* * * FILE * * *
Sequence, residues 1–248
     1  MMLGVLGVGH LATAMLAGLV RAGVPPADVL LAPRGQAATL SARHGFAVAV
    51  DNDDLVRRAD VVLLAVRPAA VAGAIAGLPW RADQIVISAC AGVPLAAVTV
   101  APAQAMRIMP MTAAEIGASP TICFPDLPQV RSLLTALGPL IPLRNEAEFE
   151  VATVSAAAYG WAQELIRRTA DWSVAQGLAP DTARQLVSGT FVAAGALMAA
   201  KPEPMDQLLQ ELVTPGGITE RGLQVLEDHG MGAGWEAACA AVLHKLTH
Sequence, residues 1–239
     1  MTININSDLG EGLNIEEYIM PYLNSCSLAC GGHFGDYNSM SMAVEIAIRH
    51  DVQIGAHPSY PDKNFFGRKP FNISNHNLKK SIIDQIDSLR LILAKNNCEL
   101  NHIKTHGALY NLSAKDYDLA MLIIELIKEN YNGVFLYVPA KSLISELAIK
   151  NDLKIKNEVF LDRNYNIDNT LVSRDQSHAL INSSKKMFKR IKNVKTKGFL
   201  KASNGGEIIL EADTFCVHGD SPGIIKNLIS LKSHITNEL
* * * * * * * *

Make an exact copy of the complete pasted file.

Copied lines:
Sequence, residues 1–248
     1  MMLGVLGVGH LATAMLAGLV RAGVPPADVL LAPRGQAATL SARHGFAVAV
    51  DNDDLVRRAD VVLLAVRPAA VAGAIAGLPW RADQIVISAC AGVPLAAVTV
   101  APAQAMRIMP MTAAEIGASP TICFPDLPQV RSLLTALGPL IPLRNEAEFE
   151  VATVSAAAYG WAQELIRRTA DWSVAQGLAP DTARQLVSGT FVAAGALMAA
   201  KPEPMDQLLQ ELVTPGGITE RGLQVLEDHG MGAGWEAACA AVLHKLTH
Sequence, residues 1–239
     1  MTININSDLG EGLNIEEYIM PYLNSCSLAC GGHFGDYNSM SMAVEIAIRH
    51  DVQIGAHPSY PDKNFFGRKP FNISNHNLKK SIIDQIDSLR LILAKNNCEL
   101  NHIKTHGALY NLSAKDYDLA MLIIELIKEN YNGVFLYVPA KSLISELAIK
   151  NDLKIKNEVF LDRNYNIDNT LVSRDQSHAL INSSKKMFKR IKNVKTKGFL
   201  KASNGGEIIL EADTFCVHGD SPGIIKNLIS LKSHITNEL